House lawmakers debate how rigorously to regulate activities in space
WASHINGTON — The Final Frontier needs boundaries, too.
With private entrepreneurs eager to launch tourists into Low Earth Orbit, service satellites and mine the moon, lawmakers are debating what sorts of regulations should be adopted to manage the increased commerce expected to take place in space over the next decade.
Partisan differences over the role that government should play quickly emerged at a House Science, Space and Technology subcommittee hearing Wednesday.
Republicans advocated a model that encourages free enterprise.
“Over the years, as I have tried to figure out how the world works, government bureaucratic regulation is actually the most efficient method known to man for turning pure energy into solid waste,” said Rep. Dana Rohrabacher, R-Calif.
Democrats said rules aren’t always a bad idea.
“There is some level between the Wild West and the police state where we need some level of regulation,” countered Rep. Ed Perlmutter, D-Colo. “We don’t want to stop innovation here but we also need to protect property rights and safety and defense.”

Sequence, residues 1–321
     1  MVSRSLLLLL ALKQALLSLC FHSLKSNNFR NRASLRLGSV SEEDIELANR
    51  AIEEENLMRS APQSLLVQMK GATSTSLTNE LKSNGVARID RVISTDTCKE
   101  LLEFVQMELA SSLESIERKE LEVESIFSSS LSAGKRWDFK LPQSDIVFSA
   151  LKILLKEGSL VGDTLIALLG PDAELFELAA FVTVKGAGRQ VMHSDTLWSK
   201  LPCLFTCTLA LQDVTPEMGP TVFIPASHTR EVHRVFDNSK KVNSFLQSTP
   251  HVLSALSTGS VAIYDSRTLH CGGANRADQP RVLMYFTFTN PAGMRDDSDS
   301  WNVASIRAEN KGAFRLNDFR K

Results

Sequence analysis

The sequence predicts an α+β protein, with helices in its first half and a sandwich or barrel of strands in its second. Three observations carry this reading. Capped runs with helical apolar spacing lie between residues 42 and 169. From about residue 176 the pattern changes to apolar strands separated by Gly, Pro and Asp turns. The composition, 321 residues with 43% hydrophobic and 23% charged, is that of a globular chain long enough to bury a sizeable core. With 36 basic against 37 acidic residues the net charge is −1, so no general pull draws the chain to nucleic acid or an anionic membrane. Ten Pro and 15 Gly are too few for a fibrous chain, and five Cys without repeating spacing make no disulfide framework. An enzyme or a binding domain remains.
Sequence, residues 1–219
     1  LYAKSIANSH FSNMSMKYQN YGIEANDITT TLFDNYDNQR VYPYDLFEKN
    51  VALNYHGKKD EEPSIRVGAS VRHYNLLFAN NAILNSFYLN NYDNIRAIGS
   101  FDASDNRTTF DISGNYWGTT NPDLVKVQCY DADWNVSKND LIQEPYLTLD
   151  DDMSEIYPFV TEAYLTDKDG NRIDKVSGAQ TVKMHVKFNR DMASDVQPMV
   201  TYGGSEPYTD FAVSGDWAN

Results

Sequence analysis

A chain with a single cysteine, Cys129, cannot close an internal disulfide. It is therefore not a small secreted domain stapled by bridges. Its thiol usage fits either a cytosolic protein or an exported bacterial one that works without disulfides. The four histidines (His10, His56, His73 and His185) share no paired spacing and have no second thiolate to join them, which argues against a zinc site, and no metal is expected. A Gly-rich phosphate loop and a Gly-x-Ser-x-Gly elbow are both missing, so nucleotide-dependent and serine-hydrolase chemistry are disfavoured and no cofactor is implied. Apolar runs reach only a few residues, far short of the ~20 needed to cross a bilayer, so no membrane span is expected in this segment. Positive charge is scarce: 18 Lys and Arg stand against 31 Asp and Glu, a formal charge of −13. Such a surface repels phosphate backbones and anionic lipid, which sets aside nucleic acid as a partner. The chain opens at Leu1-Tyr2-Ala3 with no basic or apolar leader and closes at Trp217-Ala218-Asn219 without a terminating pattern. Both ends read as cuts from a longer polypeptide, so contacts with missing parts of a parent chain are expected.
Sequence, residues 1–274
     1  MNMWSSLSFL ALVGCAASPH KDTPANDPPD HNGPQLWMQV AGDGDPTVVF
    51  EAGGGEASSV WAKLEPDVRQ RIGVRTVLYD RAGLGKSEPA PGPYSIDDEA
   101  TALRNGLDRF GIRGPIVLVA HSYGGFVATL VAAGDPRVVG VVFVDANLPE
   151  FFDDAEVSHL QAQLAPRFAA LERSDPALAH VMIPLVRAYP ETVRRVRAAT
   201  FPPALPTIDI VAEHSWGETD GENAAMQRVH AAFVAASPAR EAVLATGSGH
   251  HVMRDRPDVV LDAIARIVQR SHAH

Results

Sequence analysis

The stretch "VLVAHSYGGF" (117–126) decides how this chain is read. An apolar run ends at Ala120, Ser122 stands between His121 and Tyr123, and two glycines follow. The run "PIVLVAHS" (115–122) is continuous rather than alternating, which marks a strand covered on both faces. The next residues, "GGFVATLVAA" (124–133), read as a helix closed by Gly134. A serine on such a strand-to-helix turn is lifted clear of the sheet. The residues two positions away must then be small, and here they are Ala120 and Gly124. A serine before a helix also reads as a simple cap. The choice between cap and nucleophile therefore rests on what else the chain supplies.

Congress’ ultimate authority to write those rules is tied to the Outer Space Treaty, the 50-year-old pact that forms the basis of international space law. Much remains up for interpretation since it was initially ratified two years before Neil Armstrong landed on the moon and decades prior to the emergence of a thriving but still-nascent commercial space industry.
Texas GOP Rep. Lamar Smith, who chairs the House panel, told lawmakers the pact “is a treaty of principles, with great discretion granted to the United States on how to implement its obligations.”
Some of that regulatory framework was drafted as part of a commercial space bill Congress passed in 2015. Among its provisions was one granting rights to resources extracted by U.S. companies from asteroids, the moon and other bodies in the solar system.
The bill also extended the deadline — until Sept. 30, 2023 — that industry now has to meet certain safety standards for human spaceflight, providing companies valuable time to develop their technology and work through issues without potentially costly and burdensome rules.
In an echo of the concerns raised at Wednesday's hearing, some Democrats at the time objected to delaying those standards because they said the government and the industry already knew what is needed to protect passengers.
Doug Loverro, former deputy assistant secretary of Defense for space policy, told the committee he’s no fan of over-regulation. But he also warned lawmakers that waiting too long on rulemaking could hurt national security and economic interests.
“The last thing I would like to see happen is for other nations to develop rules that we then become forced to follow,” he said. “We need to lead. We need to develop rules that are right for the U.S. and then we need to convince the rest of the world that those rules are the ones they should follow.”